I think this recipe appealed to me mostly because I found it late one Thursday night when I was feeling lazy – too lazy even for no-knead challah dough. It combines a lot of elements I love, but I will warn you right away: this is a LAZY recipe on Thursday night, but you’ll make up for it with extra effort on Friday.
This recipe yields a very soft dough, which, if you’re as unfamiliar with soft doughs as I was, could be a scary thing. This is NOT a recipe to use if you’re making challah with your kids. The first few times, you may need a bench scraper handy – everyone tells you to use extra flour to prevent sticking, but the moister your dough, the better, and flour dries things up fast. The payoff for the extra potchke on Friday (or whenever you make your challahs) is a challah that is soft and sweet like cake, almost un-cuttable but eminently eat-able. At least my family thinks so.
- 4 cups (540g) flour – all-purpose or 50/50 all-purpose and bread flour
- 2 cups (270g) flour – all-purpose or 50/50 all-purpose and bread flour
- 2 cups (474g) water
- 2/3 cup (126g) sugar or honey
- 1/2 cup (104g) neutral-tasting vegetable oil, like canola
- 2 teaspoons salt (either table or kosher salt)
- 1 tablespoon instant yeast
- 2 large eggs
Useful Tools (I love my tools!):
- Bench scraper
- Danish dough whisk – you can use a wooden spoon for mixing, but this is better
- Big bucket or bowl for dough overnight
- Blender or food processor fitted with steel blade
- Digital thermometer - saves the heartbreak of under- or over-done challahs!
- Parchment paper or reusable silicone pan liner
Measure the 4 cups of flour into a large bowl or dough bucket and set aside.
In a blender (or food processor) combine the next 6 ingredients, flour through eggs. Mix until creamy and smooth.
Pour blender mixture over flour in bucket.
Stir well with Danish dough whisk or wooden spoon until no dry patches remain. If it’s hard to mix, wait 10 minutes and mix again; it should be looser and easier to combine now. Your mixture will be “shaggy” and rough-looking, not at all like a smooth dough.
Cover bucket loosely (not airtight; it can explode) and let stand for 8 hours. If you’re uncomfortable leaving raw egg at room temperature, let stand 2 hours, then refrigerate 8-10 hours.
The following steps are optional, but they make the final dough much more workable:
Flour a table or counter surface thinly. Dump entire bucket or bowl of dough onto surface. Don’t punch it down!
Flip dough over gently and press it, with floured hands, into a roughly rectangular shape. Fold it in 1/3’s, as you would fold a letter to put it in an envelope. Turn the folded challah 90 degrees and press into a rectangle the other way. Fold it in 1/3’s in the other direction. Drop it back in the bucket and let rest for another 45 minutes to 1 hour.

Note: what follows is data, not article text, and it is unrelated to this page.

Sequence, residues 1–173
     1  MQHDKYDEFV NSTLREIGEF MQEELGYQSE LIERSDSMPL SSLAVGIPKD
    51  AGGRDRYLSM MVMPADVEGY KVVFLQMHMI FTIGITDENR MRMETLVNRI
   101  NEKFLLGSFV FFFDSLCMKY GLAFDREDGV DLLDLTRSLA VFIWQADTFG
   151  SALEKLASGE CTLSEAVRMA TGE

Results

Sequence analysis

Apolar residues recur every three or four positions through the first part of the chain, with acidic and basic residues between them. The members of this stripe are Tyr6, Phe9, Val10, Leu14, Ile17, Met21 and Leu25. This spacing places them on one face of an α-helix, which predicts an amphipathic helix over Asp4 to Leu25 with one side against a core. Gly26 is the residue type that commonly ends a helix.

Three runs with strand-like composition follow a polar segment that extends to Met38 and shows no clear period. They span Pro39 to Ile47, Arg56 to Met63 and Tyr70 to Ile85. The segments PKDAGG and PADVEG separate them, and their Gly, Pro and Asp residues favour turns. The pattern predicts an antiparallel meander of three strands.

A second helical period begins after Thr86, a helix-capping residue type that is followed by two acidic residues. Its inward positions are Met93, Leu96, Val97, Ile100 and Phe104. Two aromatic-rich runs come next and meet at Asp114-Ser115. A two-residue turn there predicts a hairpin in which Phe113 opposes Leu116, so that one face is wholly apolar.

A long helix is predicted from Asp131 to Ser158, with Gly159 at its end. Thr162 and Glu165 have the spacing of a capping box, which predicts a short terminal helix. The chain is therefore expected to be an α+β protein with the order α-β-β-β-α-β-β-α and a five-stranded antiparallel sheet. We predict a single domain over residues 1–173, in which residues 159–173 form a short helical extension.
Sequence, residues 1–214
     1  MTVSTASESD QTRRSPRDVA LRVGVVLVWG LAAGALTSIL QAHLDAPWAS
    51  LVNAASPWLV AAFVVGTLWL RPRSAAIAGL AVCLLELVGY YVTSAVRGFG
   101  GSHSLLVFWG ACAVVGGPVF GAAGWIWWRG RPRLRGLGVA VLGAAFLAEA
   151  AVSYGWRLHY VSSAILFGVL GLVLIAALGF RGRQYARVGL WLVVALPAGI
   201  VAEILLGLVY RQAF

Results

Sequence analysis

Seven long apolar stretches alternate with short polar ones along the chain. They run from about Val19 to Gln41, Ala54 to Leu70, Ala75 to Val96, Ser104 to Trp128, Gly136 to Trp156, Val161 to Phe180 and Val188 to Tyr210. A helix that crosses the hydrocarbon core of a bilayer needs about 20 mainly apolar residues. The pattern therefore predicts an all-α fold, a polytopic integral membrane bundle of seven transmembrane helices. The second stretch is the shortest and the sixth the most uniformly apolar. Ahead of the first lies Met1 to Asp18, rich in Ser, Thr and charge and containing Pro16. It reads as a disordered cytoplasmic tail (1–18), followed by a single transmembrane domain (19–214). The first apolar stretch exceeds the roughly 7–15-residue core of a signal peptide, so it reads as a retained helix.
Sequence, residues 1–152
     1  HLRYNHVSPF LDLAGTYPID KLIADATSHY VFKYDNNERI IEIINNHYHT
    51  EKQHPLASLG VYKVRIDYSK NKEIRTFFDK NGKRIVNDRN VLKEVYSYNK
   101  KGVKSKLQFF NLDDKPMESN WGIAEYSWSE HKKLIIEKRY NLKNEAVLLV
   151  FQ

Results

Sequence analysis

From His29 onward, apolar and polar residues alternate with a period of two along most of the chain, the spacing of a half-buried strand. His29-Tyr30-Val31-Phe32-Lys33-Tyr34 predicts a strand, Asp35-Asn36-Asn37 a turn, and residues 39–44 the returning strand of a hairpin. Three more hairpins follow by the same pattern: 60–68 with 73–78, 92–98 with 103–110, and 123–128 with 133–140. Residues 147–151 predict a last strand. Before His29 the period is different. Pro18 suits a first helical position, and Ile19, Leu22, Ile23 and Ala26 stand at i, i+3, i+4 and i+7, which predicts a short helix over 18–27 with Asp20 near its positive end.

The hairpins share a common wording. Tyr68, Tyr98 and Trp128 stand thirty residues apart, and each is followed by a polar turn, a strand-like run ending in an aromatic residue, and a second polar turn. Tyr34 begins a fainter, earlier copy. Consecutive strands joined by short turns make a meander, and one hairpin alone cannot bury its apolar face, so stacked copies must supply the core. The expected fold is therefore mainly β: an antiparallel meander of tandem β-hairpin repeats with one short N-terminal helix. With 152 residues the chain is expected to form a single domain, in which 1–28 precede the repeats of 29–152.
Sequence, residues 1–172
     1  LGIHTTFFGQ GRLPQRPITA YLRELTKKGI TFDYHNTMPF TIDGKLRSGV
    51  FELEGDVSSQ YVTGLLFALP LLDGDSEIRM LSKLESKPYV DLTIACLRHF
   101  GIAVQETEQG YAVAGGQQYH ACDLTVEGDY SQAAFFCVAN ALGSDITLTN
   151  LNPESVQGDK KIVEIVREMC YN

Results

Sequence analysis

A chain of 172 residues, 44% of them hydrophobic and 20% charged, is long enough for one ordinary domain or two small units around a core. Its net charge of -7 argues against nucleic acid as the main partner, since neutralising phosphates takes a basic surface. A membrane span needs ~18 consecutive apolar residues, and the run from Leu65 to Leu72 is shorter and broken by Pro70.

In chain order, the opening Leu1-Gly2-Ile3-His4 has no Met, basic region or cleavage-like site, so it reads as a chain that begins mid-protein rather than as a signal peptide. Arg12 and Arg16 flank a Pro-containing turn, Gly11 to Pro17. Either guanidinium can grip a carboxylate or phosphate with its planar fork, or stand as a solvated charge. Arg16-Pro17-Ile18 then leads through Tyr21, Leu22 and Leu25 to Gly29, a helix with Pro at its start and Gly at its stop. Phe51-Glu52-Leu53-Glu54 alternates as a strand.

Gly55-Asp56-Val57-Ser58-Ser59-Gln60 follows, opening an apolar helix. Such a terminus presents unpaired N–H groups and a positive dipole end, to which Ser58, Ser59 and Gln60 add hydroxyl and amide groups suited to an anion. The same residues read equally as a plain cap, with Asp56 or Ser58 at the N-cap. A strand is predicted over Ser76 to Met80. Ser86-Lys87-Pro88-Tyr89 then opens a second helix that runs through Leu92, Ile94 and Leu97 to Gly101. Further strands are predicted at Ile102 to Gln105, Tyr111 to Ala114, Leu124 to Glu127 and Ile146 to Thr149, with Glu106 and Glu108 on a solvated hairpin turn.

These steps may be repeated once for an even better texture.
Cut remaining dough into equal portions to prepare for braiding. I make 4-braid challahs of 680g, so I use eight 170g pieces, then divide the leftover into 3 or 4 to make a mini-challah. Dip portions in oil to prevent sticking and form into ball shapes.
Rather than simply roll the pieces into strands for braiding, I do the following to make the strands as workable as possible:
Roll ball shapes gently with a rolling pin to flatten slightly. Flip ball shapes and roll again to flatten more. Roll each “pancake” up, sleeping-bag style, into a chunky strand. Roll out each chunky strand to the desired length, pinching the ends closed in the process. Braid strands as desired.
If using a flat baking sheet, cover first with parchment paper or silicone pan liner. Spray challah with oil and cover loosely with plastic wrap.
Let rise 1 hour – challah might be very loose; be careful not to deflate it.
Brush with beaten egg and sprinkle with poppy, sesame, streusel or your choice of toppings.
Bake at 350° for 30-40 minutes (remove mini-challahs or rolls after about 20 minutes), rotating pans halfway through bake time for evenness. If possible, insert digital thermometer into the bottom of a loaf (or between the braids where the hole won’t show). Temperature should be at or above 190°.
Yield: 2 - 1.5 lb challahs plus one mini challah for Lechem Mishneh
Tips: This recipe scales up or down nicely (except the eggs). Whole-wheat or whole-spelt flour may be substituted for up to 1/3 of the total flour without negatively affecting the end result. If mixing flours, combine well when dry, before adding to recipe, to avoid streaks in dough. While either sugar or honey may be used, honey is wetter: stick with sugar until you’re very comfortable working with a very soft, wet dough.